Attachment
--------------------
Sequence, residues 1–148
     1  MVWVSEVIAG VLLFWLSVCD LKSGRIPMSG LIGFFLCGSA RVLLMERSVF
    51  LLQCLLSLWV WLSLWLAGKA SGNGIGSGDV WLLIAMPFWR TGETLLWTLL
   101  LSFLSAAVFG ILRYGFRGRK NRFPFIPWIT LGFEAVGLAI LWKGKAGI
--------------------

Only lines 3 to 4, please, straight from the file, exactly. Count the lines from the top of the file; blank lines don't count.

    51  LLQCLLSLWV WLSLWLAGKA SGNGIGSGDV WLLIAMPFWR TGETLLWTLL
   101  LSFLSAAVFG ILRYGFRGRK NRFPFIPWIT LGFEAVGLAI LWKGKAGI